Delhi smog: Air quality deteriorates to severe again
WHO Global Platform on Air Quality and Health data show that air pollution in New Delhi is 14.3 times over the safe limit set by the WHO.
The world over, 80% of cities have air pollution exceeding the "safe" limit set by the WHO
So far, only two Indian cities - Bengaluru and Chilamathur Mandal in Andhra Pradesh - have signed on to the BreatheLife campaign
Earlier this month, India's National Disaster Management Authority had advised people to avoid strenuous activities and going out - especially in the morning
Delhi’s air quality turned “severe” again on Tuesday, just days after a United Nations official in New Delhi said that air pollution in the capital was a “visible killer”. The reason: hazy skies as far as the eye can see.
Valentin Foltescu, the senior programme management officer for the UN Environment Programme in India told UN News: “What we have in northern India right now, in the Indo-Gangetic plain, we have a situation where we have a visible killer. It's that bad.”
WHO Global Platform on Air Quality and Health data show that air pollution in New Delhi is 14.3 times over the safe limit set by the World Health Organisation (WHO).
Compare this with other Asian capitals. In Beijing, where the government cracked down on air pollution ahead of the 2008 Olympics in a big way, air pollution is 7.3 times over the safe limit. Islamabad is 6.6 times over the safe limit. Dhaka, 5.7 times over. Even Kathmandu in the hills is over - by a factor of 4.9x. Colombo, by the sea, is 3.6 times over the safe limit.
To be sure, air pollution is increasingly getting worse in large swathes of the world. The world over, 80% of cities have air pollution exceeding the “safe” limit set by the WHO.
In response, international agencies are putting their heads together to find effective ways to combat air pollution. Case in point: In 2016, WHO, UN Environment, the Climate & Clean Air Coalition and The World Bank, launched the BreatheLife campaign to motivate individuals, cities and governments to reduce air pollution across the world by 2030.
So far, only two Indian cities - Bengaluru and Chilamathur Mandal in Andhra Pradesh - have signed on to the BreatheLife campaign.
Health effects of pollution
Teary eyes, choked throats, sneezes and breathlessness are only some of the temporary side-effects of smog. Of course, smog can cause allergies and respiratory problems like asthma and reduced lung function. But that’s not all! Air pollution can increase cancer incidences as well. Children and outdoor workers are the worst affected. According to one estimate, 4.4 million children are already affected by irreversible lung damage.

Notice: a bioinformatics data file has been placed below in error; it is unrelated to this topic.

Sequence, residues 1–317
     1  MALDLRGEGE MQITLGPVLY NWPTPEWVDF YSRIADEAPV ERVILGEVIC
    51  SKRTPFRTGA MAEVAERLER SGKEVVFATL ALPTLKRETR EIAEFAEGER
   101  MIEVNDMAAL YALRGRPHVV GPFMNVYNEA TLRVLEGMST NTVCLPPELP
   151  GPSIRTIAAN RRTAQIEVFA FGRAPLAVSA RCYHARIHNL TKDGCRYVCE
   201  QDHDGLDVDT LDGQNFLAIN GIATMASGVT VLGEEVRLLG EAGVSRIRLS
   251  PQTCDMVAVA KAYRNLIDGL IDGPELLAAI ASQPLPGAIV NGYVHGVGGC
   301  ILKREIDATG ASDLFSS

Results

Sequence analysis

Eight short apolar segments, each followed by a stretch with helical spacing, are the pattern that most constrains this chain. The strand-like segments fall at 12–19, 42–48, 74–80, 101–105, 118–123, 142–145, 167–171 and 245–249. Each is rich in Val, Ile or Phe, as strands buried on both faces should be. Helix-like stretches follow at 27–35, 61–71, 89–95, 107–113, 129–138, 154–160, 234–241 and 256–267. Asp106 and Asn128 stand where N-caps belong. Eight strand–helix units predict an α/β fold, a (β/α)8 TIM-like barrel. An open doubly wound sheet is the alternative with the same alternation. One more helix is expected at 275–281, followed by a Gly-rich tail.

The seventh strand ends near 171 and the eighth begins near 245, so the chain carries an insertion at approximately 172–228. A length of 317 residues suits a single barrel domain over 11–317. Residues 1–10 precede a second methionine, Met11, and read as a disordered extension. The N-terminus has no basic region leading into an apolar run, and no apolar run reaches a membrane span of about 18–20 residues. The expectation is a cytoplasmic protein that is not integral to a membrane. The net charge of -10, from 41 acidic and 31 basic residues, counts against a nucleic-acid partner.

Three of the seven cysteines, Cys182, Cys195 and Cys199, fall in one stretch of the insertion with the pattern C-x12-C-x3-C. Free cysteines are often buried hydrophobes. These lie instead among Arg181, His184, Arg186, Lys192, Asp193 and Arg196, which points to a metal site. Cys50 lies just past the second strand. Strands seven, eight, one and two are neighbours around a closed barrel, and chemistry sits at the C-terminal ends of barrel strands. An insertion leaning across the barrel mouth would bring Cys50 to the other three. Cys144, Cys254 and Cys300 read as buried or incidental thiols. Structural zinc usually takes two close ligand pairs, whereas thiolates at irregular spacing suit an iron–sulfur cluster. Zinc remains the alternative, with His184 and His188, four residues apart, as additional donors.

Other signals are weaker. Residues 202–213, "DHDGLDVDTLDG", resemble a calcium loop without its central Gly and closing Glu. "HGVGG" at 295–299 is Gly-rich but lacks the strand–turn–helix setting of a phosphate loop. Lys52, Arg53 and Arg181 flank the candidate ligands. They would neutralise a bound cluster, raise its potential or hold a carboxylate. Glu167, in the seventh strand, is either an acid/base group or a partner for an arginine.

Air pollution claims more than seven million lives each year, according to the World Health Organization (WHO).
Guidelines and recommendations
Delhi is facing a health emergency. The ongoing “odd-even” scheme in Delhi (cars with odd numbers are allowed to ply on odd number dates and even on even, with a few exceptions) is a drop in the ocean of fighting air pollution.
Earlier this month, India’s National Disaster Management Authority (NDMA) had advised people to avoid strenuous activities and going out - especially in the morning. Here are some of the NDMA’s do’s and don’ts how to keep yourself and your loved ones as safe as possible during this time:
- Stay off the main highways where traffic is likely to build up. Take the smaller in-roads as much as possible.
- Don’t go out unless you have to. Especially in the mornings.
- Don’t workout outdoors during the worst days.
- Eat healthily: make sure to get a lot of vitamin C and magnesium from your diet.
- Keep a mask handy.
Health articles in Firstpost are written by myUpchar.com, India’s first and biggest resource for verified medical information. At myUpchar, researchers and journalists work with doctors to bring you information on all things health. For more information, please read our article on Lung Cancer: Causes, Symptoms, Treatment.
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